She’s rather rambly, but then the whole Committee process was poorly structured, and few asked perspicacious questions. At least she highlighted the “…sterile debate about believers and non-believers” (a sure sign that this ‘debate’ has never been about science). And she was the only Committee member who mentioned, the huge costs of “decarbonising” the UK economy, not to say huge risks.

Andrew, who was completely outnumbered by “believers” (see list below), and did well. He came across as measured, and authoritative.
I thought that his statement that, in the UK, “If you are outside the alarmist mainstream you are going to get hammered” was horribly true. It probably explains why the media-folk witnesses were so relaxed. They know that they’ve got the scientists ‘in the bag’.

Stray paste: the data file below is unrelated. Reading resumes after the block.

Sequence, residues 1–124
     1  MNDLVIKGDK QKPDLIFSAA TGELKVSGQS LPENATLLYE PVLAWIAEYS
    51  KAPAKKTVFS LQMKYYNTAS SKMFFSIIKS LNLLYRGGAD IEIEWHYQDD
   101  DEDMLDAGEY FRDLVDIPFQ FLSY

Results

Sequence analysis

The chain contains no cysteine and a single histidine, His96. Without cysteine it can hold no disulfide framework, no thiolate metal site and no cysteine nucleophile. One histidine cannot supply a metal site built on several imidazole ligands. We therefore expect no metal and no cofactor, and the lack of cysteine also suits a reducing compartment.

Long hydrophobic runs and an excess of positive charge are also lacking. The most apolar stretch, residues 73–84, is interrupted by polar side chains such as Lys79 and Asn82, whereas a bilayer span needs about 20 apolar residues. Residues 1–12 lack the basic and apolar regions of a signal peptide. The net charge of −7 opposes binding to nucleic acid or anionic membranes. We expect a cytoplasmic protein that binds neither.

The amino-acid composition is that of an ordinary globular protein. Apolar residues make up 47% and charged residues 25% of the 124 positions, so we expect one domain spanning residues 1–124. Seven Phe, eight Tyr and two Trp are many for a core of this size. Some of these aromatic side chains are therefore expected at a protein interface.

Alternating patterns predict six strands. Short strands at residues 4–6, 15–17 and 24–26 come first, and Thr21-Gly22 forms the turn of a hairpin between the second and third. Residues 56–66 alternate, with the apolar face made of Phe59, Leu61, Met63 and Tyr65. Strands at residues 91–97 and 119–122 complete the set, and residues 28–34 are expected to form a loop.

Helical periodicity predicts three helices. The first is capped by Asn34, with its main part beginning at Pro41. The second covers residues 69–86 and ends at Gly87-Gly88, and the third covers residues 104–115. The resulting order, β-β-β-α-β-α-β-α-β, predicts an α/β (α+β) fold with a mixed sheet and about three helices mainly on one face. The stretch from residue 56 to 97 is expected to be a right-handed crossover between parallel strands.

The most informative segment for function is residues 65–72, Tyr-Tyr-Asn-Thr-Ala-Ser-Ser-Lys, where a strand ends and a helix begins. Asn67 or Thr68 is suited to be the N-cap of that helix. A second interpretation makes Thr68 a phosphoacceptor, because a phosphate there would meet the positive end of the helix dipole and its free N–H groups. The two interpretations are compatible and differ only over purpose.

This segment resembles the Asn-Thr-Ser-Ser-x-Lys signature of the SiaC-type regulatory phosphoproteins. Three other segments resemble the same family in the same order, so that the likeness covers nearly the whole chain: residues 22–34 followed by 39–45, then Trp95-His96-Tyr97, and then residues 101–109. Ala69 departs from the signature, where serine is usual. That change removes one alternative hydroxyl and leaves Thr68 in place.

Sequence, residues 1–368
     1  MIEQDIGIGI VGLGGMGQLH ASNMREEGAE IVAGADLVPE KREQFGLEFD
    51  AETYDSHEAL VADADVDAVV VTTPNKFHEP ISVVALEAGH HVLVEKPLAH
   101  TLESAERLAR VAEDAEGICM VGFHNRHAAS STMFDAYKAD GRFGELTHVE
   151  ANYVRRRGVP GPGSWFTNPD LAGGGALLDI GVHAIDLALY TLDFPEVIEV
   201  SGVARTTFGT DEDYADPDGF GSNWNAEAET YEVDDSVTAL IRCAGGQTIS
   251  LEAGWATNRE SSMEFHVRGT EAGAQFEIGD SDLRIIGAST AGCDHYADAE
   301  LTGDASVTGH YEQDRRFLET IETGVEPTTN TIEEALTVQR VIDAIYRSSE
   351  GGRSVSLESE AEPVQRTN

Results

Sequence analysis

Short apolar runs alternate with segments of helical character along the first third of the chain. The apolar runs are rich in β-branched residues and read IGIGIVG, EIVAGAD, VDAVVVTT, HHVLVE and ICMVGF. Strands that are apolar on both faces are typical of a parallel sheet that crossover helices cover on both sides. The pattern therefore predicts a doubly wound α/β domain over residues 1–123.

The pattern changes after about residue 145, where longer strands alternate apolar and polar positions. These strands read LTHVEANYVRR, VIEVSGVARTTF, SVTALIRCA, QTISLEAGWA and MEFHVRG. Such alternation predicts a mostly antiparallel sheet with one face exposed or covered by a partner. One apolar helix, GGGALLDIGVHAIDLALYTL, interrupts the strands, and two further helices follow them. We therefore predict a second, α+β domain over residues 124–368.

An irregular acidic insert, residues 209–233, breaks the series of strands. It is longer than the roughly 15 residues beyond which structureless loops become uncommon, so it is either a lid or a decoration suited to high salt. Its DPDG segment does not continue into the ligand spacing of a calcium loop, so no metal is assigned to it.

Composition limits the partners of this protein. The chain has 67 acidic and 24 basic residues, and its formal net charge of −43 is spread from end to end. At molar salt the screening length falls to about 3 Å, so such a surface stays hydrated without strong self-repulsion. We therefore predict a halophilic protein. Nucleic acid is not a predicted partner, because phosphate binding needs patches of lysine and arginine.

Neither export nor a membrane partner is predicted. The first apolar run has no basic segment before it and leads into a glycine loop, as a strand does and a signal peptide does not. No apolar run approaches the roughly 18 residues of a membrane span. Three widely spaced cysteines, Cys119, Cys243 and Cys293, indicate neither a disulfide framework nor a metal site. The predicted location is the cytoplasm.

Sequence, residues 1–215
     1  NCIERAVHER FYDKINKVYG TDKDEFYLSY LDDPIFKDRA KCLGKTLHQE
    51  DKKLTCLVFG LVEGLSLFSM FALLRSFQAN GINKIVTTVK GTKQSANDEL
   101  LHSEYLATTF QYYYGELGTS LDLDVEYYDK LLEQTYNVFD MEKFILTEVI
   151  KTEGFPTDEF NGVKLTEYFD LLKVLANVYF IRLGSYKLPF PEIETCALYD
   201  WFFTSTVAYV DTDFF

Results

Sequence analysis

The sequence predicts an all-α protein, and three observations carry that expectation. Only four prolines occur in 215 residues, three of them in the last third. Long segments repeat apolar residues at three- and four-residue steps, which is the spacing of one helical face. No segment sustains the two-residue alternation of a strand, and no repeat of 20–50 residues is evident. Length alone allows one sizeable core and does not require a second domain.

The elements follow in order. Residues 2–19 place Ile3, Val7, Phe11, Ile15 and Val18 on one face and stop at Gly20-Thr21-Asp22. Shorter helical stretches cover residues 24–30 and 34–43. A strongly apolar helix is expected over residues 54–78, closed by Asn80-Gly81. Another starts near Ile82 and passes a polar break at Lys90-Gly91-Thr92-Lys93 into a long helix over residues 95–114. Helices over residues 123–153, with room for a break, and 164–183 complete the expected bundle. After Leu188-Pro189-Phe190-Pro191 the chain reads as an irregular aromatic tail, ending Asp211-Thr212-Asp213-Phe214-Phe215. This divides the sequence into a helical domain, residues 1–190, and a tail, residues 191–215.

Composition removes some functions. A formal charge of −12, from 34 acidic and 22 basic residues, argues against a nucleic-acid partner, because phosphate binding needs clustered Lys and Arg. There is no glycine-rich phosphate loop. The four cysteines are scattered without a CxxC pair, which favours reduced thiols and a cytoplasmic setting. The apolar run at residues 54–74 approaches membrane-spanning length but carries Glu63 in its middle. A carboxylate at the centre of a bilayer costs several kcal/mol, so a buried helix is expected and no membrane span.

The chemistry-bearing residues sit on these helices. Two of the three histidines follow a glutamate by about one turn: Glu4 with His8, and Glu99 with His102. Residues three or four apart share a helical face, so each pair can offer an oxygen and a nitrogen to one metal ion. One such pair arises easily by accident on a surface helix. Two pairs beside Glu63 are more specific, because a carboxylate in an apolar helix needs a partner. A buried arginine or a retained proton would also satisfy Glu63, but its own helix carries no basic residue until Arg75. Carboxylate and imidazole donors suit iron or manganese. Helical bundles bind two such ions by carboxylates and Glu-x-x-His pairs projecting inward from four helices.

It would be nice if some, just some, UK climate scientists would break ranks, and explain just how flaky and poorly warranted are the alarmist projections. It could be fun, and liberating too. I’m sure BH would welcome scientific whistle-blowers with open arms.
David Jordan – member of BBC management board Responsible for the development and implementation of the BBC's editorial policy and standards. Produces the BBC's editorial guidelines Salary: £167,000

Ralph Lee (Channel 4) “a leading talent in specialist factual programming”

Fiona Ball Spent last eight years on Sky’s sustainability strategy. Sky became “carbon neutral” in 2006 (whatever that means).